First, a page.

The revolutionary movement of the workers, with the Bolsheviks at its head, understood that the solution to the agrarian question was not to distribute land, since it could only end in the concentration of property and the development of the power of the kulaks. However, in October they renounced their agrarian program and handed over the design of agrarian policy to the left SRs, the party of the peasant revolution. This is the worker-peasant alliance that would be symbolized by the (peasant) sickle and the (proletarian) hammer.
From then on, the relationship between peasantry and proletariat could only be contradictory. The Russian proletariat expects from the extension of the World Revolution a change in the overall correlation of forces between classes within Russia itself… and from the inevitable experience of land concentration that at least a part of the poor peasantry will be placed under the political impulse of the Revolution represented in the countryside by the day laborers. The sword of Damocles of a peasant insurrection against the soviets will hang over the whole revolutionary period.
Forests and the class struggle
The new agrarian holdings that the peasantry were taking over lacked prior capitalization. Spontaneously throughout the country, but especially in European Russia, peasants initiated massive clear-cutting to expand their new holdings and to sell timber and resources with which to finance their own development.
But if the workers’ leadership of the soviets was, for tactical reasons, in favor of greenlighting and legalizing the land allotments that were taking place, it was certainly not in favor of handing over sovereignty and ownership of the territory and its resources to the local peasant soviets. The forests thus became a permanent bone of contention between the workers’ and peasants’ programs. And in the same decree on the land to whom the administration of the forests belongs remained on hold pending further development.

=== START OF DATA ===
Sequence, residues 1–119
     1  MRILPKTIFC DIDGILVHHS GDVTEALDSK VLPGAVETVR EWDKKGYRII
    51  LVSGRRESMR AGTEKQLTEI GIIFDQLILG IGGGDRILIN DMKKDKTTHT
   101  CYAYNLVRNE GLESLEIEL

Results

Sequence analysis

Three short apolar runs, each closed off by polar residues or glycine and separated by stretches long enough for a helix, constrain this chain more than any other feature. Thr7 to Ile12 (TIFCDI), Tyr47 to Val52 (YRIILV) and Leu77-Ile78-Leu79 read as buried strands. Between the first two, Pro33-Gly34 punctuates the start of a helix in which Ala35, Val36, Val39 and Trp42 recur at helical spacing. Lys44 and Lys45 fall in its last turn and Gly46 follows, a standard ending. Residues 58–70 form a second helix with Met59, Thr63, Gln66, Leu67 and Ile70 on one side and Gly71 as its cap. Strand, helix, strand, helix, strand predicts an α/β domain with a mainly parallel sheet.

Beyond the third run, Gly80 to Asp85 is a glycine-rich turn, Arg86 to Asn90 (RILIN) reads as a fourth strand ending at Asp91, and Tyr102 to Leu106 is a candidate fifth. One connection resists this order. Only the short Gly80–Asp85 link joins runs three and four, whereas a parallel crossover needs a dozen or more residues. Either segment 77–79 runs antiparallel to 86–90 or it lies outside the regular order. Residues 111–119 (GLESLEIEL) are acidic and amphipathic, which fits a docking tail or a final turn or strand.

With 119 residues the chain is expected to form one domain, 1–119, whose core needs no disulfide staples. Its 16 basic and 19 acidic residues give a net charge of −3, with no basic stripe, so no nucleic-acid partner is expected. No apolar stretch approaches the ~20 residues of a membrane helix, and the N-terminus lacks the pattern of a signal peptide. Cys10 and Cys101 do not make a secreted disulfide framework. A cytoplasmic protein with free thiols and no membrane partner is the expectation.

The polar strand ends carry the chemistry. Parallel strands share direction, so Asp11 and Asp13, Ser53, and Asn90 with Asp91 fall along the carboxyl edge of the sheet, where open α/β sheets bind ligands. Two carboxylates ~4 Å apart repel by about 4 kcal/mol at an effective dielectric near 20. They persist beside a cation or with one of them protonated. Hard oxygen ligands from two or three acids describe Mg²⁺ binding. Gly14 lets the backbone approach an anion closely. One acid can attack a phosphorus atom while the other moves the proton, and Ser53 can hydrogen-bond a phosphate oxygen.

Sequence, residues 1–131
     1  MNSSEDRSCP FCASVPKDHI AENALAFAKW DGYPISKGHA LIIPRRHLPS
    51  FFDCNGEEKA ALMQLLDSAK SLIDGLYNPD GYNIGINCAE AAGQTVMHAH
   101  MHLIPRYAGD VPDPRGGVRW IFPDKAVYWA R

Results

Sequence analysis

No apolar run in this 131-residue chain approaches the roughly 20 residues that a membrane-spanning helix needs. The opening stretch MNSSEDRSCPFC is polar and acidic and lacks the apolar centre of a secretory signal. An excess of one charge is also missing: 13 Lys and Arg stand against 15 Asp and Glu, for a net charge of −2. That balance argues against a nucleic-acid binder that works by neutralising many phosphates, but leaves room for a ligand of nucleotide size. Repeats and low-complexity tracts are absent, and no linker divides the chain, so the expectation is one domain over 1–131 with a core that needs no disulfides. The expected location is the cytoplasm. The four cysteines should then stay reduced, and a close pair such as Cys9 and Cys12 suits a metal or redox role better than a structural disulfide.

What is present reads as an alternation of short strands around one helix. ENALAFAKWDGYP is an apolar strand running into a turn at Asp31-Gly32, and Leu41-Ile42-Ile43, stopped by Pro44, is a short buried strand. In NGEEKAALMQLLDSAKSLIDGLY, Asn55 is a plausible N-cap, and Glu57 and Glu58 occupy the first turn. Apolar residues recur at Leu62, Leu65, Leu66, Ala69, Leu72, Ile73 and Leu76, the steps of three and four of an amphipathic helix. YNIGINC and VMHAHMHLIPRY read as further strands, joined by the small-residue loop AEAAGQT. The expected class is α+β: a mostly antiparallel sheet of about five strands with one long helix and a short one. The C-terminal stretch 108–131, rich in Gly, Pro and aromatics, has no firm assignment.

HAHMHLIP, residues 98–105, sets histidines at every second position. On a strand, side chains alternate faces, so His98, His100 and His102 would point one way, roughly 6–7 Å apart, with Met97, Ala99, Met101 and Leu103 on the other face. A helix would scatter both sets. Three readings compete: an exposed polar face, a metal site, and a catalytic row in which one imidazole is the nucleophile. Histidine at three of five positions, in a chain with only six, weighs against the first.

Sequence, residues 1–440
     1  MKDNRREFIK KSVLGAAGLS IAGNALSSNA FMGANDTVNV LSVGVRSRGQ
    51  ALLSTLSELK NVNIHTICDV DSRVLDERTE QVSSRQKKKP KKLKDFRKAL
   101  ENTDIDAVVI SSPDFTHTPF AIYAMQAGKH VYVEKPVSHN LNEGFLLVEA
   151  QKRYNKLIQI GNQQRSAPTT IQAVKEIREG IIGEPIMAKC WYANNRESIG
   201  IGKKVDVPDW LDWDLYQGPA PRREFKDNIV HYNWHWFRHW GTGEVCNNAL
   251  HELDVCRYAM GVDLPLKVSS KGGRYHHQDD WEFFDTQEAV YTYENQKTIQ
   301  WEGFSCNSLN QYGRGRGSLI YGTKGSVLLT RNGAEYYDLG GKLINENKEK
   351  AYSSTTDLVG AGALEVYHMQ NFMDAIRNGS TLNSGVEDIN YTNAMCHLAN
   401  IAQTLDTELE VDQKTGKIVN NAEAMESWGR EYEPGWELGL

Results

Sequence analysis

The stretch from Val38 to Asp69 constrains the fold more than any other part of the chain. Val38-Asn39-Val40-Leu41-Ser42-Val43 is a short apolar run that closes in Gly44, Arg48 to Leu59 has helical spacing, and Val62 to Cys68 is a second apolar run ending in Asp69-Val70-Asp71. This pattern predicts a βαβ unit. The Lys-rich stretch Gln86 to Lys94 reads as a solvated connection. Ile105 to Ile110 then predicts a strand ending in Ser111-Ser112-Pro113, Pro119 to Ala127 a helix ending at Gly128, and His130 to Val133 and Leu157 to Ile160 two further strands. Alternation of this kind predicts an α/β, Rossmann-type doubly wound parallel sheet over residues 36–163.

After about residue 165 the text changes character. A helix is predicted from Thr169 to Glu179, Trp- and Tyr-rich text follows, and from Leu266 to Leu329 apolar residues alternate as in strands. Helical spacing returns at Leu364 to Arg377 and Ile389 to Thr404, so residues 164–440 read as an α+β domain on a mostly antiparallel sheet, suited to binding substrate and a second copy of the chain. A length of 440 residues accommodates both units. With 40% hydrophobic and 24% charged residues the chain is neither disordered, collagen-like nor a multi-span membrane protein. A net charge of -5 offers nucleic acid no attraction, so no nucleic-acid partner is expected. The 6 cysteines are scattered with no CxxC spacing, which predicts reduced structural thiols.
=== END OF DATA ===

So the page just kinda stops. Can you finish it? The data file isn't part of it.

This would not come until May 1918, between two key moments in the relationship between Bolsheviks and left SRs, or, in other words, between the political expressions of the workers’ and peasants’ revolutions. In March of that year the left SRs, who did not accept the conditions imposed by Germany in the Brest-Litovsk peace, left the government. In July, on the eve of the Fifth All-Russian Congress of Soviets, they carried out an attack against Mirbach, the German ambassador, as they would later do against Lenin. The attack, ordered by the left-wing SR Central Committee, will lead to the illegalization of the party.
At the Fifth Congress it would become clear that the reason for the break went beyond the conditions of peace with Germany. At the heart of the split were the Committees of Day Laborers and Poor Peasants spurred by the Bolsheviks…and with them the Forestry Law enacted in May. The SRs revolted in the first place against the attempt of the committees to operate expropriated farms by means of labor cooperatives and other formulas of worker operation when there were in the same regions peasants hungry for land. And secondly against their efforts to prevent the ransacking of the forests with the new Soviet basic law in hand.
The basic law on forests